Choose Your Business Successor – If you don’t have a family member who is able and willing to take the reins of your business.  You may start by looking within the business organization, examining current senior management who may have the right leadership skills.  In some circumstances, current employees of the business may be willing to buy-out the business from the owners.  Privately-held family businesses will benefit from the engagement of the third-party consultants, who can provide guidance during such emotional period. This process should begin at least 5-10 years prior to a planned retirement.

Develop a Formal Management Training Program – First, you need to identify some of the most critical functions of the company and have your successor(s) work in each of these areas. It’s not enough for your successors to understand the executive responsibilities, they need to be able to step-in and lead the organization when the time comes.

Establish a Reasonable Timetable – Determine how and when control of the company will be shifted to your successor.  It should be noted that the company’s ownership and management of the business may be transitioned to the successors at different times.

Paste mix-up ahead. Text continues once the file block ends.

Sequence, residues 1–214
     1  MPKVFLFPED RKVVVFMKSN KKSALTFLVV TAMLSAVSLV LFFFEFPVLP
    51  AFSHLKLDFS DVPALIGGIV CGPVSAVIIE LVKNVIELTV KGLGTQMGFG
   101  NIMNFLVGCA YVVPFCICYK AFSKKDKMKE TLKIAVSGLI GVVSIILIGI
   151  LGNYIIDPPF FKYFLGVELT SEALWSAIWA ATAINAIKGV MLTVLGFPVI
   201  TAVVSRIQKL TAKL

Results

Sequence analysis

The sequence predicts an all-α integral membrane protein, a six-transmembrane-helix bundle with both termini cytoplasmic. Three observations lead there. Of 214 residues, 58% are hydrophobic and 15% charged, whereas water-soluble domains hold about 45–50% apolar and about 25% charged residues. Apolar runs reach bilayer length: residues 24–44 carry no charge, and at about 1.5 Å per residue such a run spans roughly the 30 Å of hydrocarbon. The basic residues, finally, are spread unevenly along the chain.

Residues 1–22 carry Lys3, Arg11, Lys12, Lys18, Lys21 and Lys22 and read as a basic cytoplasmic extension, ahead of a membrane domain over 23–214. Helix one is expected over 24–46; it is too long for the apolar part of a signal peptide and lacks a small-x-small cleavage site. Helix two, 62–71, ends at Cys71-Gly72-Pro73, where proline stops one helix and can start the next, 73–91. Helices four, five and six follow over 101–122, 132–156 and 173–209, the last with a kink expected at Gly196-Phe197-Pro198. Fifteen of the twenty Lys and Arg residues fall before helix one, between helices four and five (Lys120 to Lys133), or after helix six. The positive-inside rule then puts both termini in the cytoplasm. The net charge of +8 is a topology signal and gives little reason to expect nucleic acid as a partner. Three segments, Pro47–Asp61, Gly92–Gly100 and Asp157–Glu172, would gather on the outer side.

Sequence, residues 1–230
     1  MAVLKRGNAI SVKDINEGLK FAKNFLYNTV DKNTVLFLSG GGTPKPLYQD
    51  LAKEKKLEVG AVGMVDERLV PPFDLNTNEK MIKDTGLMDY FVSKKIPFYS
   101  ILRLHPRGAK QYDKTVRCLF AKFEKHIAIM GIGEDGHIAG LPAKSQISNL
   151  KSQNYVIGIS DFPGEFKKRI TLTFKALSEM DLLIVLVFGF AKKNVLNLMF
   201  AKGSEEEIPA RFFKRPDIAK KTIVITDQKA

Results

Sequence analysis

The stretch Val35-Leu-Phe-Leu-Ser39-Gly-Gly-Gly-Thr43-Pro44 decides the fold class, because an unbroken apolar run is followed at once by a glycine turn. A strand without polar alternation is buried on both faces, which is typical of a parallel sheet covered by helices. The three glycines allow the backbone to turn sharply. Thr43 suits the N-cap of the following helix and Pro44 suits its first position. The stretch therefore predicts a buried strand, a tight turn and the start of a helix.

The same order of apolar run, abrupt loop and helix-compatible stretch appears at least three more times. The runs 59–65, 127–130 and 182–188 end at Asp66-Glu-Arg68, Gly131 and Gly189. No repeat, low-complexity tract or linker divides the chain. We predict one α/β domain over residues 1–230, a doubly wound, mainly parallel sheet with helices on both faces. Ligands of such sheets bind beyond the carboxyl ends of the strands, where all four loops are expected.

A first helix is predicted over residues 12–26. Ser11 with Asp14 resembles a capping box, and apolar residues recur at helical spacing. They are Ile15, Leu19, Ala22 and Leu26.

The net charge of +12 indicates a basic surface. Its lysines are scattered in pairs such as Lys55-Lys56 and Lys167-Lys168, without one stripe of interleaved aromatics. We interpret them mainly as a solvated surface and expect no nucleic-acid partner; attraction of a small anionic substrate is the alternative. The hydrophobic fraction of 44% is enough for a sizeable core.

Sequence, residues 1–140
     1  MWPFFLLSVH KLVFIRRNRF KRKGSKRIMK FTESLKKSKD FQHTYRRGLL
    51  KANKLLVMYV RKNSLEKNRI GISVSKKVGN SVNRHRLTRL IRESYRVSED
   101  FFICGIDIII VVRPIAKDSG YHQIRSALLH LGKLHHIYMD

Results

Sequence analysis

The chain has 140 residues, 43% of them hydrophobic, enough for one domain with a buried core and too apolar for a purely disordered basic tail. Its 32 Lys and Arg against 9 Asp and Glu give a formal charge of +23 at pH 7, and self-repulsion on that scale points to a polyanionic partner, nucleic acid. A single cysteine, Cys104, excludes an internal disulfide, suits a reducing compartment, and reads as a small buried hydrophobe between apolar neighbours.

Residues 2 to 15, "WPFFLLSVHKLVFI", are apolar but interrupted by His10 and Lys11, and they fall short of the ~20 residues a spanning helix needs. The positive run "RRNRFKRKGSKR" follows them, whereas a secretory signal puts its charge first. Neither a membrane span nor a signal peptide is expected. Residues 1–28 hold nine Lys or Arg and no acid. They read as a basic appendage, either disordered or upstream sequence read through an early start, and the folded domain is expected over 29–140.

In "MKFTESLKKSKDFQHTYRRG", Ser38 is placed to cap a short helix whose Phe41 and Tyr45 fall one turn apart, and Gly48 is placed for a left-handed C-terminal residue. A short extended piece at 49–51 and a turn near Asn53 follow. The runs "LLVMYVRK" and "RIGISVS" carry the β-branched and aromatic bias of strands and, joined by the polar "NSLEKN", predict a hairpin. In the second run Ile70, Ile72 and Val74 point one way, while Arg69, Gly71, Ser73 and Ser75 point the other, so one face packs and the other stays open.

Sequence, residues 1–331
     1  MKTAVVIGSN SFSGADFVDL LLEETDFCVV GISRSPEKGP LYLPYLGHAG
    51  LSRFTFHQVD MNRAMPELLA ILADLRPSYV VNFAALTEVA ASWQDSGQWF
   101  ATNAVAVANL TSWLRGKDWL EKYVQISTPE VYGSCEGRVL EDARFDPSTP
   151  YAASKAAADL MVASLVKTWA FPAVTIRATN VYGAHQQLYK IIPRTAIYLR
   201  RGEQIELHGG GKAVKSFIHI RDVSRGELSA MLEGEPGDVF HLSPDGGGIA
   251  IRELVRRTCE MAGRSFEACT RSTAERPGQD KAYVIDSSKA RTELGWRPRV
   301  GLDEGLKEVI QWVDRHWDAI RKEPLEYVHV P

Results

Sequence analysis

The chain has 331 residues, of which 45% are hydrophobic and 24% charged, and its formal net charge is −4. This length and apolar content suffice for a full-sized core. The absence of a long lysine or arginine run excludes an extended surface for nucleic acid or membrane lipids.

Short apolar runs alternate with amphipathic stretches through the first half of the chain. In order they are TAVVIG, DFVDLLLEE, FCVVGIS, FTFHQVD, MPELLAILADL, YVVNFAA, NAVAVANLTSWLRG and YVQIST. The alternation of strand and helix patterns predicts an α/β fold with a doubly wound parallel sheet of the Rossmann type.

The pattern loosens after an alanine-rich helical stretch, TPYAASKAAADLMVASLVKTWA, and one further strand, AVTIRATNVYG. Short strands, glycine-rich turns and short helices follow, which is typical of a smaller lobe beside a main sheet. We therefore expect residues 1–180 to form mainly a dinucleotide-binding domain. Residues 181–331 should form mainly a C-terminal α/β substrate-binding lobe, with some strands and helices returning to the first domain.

Execute the Succession Plan – If you have made the proper preparations, the execution of the business succession shall be relatively simply process. Businesses whose owners install their successors during their lifetime typically have a much smoother transition and the greater chances to preserve the success of the business for the future generations.

How do you write a business succession plan?

To write a business succession plan, you need to start thinking about your main concerns for your business and what your goals are. With your succession plan you will want to list those clear goals and the structures you have in place to achieve them. Once you have the direction for your business, you’ll want to have a clear standard of operating procedures and how the business is run to stay successful. The main part of succession planning is determining who will take over the business after your departure and what those terms will be. Of course there are many considerations and other factors to consider. Having a professional help you with your succession planning will help to ensure a smooth transition. 

Why is succession planning important for small businesses?

Succession planning is important for small businesses because it’s harder for a small business to continue operating if something were to happen unexpectedly to the owner or if there’s no plan as they are nearing retirement or a leave of absence. By making arrangements early, it will be easier for the business to continue running smoothly. 

How does succession planning help an organization?

Succession planning helps an organization by keeping an organized plan for operating procedures, talent management, and overall continued success of the company if something were to happen to either the owner or any members of the leadership team.